The government has approached Facebook for access to the records of three controversial pages accused of spreading blasphemous content, the director general of the Federal Investigation Agency (FIA), Mazhar Kakakhail, told the Islamabad High Court (IHC) on Monday.
Kakakhail told the court that the FIA had written to Facebook seeking the details and records of the three pages, which were blocked by the Pakistan Telecommunication Authority (PTA) for carrying blasphemous content.
The IHC is hearing a case pertaining to the dissemination of blasphemous content through social media.
The case, filed by Salman Shahid, argues that the presence of blasphemous content on social media websites is "hurting the religious sentiments of Muslims".
The petition also alleges that pages and videos defaming the Prophet Muhammad (Peace be Upon Him) and revered personalities had not been blocked by the respondents nor had any steps been taken to remove the content.
Secretary Interior Mohammad Arif Khan, PTA Chairman Syed Ismail Shah, IG Islamabad Tariq Masood Yasin, and senior officials from the information technology (IT) ministry apprised the court on Monday about the progress they have made so far in connection with the case.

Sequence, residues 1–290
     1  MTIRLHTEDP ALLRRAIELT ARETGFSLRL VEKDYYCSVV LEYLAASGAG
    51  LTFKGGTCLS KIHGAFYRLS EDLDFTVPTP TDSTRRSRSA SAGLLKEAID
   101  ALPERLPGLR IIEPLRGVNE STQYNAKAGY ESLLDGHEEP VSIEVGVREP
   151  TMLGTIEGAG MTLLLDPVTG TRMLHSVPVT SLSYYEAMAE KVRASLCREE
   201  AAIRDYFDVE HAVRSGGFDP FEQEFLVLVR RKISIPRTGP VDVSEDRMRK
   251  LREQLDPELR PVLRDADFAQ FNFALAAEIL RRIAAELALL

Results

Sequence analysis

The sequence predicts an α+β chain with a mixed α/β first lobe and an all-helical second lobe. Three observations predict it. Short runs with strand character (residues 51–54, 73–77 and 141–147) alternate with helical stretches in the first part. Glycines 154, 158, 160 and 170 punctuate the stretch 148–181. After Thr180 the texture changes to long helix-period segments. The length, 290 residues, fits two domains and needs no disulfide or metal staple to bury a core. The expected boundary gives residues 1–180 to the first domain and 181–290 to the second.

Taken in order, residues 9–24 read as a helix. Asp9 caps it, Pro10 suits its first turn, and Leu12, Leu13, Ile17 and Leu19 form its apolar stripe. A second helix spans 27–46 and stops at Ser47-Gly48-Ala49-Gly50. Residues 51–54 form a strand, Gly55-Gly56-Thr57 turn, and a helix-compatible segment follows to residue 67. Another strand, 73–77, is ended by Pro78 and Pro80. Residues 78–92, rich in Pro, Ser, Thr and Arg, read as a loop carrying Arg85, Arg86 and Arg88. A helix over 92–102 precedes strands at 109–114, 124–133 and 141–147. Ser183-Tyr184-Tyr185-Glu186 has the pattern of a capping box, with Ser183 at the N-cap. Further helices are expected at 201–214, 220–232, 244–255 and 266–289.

Kakakhail said that three of the 'blasphemous' pages had already been blocked, whereas five to six other pages carrying blasphemous content had been marked.
He further said that an application will be launched under international law if the Facebook administration failed to comply with the Pakistani government's request.
"We are at an earlier stage of inquiry in this regard," he added.
Secretary Interior Arif Khan assured the court that those responsible for the blasphemous pages would be identified within a week. He said that investigations are underway as the interior minister had ordered a probe.
PTA has blocked more than 70 such websites, he said, adding that the authority was "trying their level best" to follow legal procedure while investigating the matter.
In his remarks, Justice Shaukat Aziz Siddiqui directed the officials to expedite the investigation and also warned them to "handle the case carefully".
"To put a blame on an innocent [person] is in itself a grave sin," he cautioned.
"Anyone who committed blasphemy will not be able to dodge the law. We will pass an order such that no one will dare to do so in the future," he said.
"Some philosophers in media believe that their consent should be sought before any step is taken," he said, while commenting on the criticism this case has received.